Ransomware matters in the ecosystem for three main reasons:
- First, we are seeing it bleed into nation-state level attacks. The two largest ransomware attacks in 2016 and 2017 were NotPetya and WannaCry. NotPetya, which debilitated Ukraine’s version of “TurboTax,” was not money-motivated, but nation-state motivated as part of a hybrid warfare campaign by Russia on the Ukraine – though the malware leaked quickly and replicated into systems far beyond the target. WannaCry was North Korean developed, and while it probably did have money motivation (DPRK is notorious for using computers to wrangle in money, from cryptocurrency heists to casino hacking), it blurs the lines of criminal and nation-state activity.
- Second, data is not just held hostage, it is breached. We see ransomers increasingly threaten or conduct doxxing, or public disclosure of private information. This may be in part because organizations do not always pay the ransom, and is certainly in correlation to the bleed of motivation from theft to nation-state level attack. In a recent incident Uber paid off a “security researcher” $100,000 to delete stolen user data on 57 million people. We have gotten to the point where the fact of outside access might be a violation in itself—and ransomware takes this into account. For example, Jigsaw ransomware automatically threatens to send the hostage data to all of the victim’s contacts if the ransom isn’t paid. So it isn’t even about the ransomed institution regaining access—it’s about preventing further breach.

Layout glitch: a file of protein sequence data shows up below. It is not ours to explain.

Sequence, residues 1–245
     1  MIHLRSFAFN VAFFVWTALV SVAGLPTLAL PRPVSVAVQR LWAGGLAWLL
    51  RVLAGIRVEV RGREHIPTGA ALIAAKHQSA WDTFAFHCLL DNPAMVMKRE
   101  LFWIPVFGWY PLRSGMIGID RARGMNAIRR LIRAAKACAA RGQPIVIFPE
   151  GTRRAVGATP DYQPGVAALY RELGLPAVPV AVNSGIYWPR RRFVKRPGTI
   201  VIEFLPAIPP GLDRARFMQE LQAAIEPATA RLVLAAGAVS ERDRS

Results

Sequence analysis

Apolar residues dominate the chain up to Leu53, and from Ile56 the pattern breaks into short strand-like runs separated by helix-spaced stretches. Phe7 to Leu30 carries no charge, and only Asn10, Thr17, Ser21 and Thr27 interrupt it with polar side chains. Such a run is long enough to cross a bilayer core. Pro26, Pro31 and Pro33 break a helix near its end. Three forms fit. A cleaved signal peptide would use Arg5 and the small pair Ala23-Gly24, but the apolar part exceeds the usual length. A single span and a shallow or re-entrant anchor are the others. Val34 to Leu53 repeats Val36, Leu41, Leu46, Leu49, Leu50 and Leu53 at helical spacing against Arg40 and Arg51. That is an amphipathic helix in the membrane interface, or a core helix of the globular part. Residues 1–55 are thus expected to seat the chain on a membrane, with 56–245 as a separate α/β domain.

- Third, and perhaps most dark, ransomware is heartless and indiscriminate. Last year, the WannaCry ransomware hit UK’s National Health Service, and hospitals and surgical centers in England and Scotland were forced to cancel surgeries and medical appointments. “It’s life or death,” patients said to the media. In 2016, we saw hospitals in California and Washington DC hit, as well as the San Francisco public transit system. As of the date of publication, the city of Atlanta is still crippled after a Sam Sam ransomware attack a week ago, and defense contractor Boeing is in the throes of a WannaCry attack. The more crucial the organization is, the more likely it is to pay a ransom. This is also troubling for citizens, who have few defenses against the threat on their data once it is out of their hands. As citizen consumers we don’t know the extent to which our data is owned, distributed, aggregated, bought, and sold. Attacks are scaling to networks and databases, like those in January and September of last year on MongoDB.